Assessing the benefits of an after -school program for urban youth: An impact and process evaluation
After-school programs have gained national attention as a means to provide additional academic, social, and recreational opportunities for youth. Poor, inner-city communities are especially in need of these programs because urban youth often lack the safe parks, sports teams, clubs, and other enriching opportunities that are typically offered in middle-income and affluent communities. For these reasons, public support is especially strong for urban after-school programs. The primary research question for this dissertation is whether an after-school program administered by an urban public middle school, with limited funding support and technical assistance, can make meaningful improvements in academic and social outcomes for young adolescents (ages 10–14) living in poverty-impacted neighborhoods. The project is an impact evaluation and process analysis of an urban middle school after-school recreation program. It is hypothesized that the after-school program will increase students' time spent in positive extracurricular activities and increase their academic grades and test scores. It will also reduce their time spent in self-care and watching television. The study sample includes 227 students who applied to the after-school program and were subsequently randomly assigned to the program or to a control group. The findings from the process evaluation suggest that the relationships between staff and students involved in the after-school program were overwhelmingly positive, and the students and their parents were satisfied with the program. The main challenges observed were the students' lower than expected utilization of the program, the staff's irregular attendance during the first year of the evaluation, and the difficulties in ensuring facility space and dedicated storage for program supplies. The findings from the impact study demonstrate that the program had a significant and positive effect on program participants' time spent doing homework and on their educational aspirations. It also resulted in youths' spending significantly more time participating in strength training exercises at a fitness center than would have been the case otherwise. There were no measurable benefits of the after-school program on other extracurricular activities; academic grades or standardized test scores; in-school behavior or attendance; or on time spent watching television or in self-care.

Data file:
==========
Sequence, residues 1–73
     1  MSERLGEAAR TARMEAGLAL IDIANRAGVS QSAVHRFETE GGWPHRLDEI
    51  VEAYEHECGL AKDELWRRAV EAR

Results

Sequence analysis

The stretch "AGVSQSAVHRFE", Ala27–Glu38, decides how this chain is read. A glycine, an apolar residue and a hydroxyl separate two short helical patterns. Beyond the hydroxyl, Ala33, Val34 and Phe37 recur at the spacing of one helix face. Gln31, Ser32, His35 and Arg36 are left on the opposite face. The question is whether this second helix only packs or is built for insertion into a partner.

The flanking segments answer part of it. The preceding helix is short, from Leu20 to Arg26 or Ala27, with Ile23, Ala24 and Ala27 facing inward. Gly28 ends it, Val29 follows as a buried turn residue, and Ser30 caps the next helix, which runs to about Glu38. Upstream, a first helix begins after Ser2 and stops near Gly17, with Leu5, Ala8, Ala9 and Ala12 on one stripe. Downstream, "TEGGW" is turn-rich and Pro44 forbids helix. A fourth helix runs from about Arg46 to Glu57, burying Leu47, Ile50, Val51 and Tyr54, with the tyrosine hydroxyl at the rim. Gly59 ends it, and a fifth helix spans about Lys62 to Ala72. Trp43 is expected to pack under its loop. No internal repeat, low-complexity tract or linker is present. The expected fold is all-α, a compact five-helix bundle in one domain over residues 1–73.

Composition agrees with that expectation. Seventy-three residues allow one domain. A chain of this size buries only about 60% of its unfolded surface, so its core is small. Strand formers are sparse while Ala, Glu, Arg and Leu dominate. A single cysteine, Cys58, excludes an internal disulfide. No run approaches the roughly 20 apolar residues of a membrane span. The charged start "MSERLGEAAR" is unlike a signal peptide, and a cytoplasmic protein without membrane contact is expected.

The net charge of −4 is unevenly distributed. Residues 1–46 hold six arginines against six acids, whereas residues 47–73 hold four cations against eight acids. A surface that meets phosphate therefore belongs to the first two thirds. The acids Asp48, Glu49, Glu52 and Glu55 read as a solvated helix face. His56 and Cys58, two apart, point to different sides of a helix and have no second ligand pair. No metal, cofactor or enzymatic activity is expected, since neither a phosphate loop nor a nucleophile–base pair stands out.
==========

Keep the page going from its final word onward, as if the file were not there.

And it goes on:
Educational sociology|Academic guidance counseling|Recreation
Lauver, Sherri Christine, "Assessing the benefits of an after -school program for urban youth: An impact and process evaluation" (2002). Dissertations available from ProQuest. AAI3043903.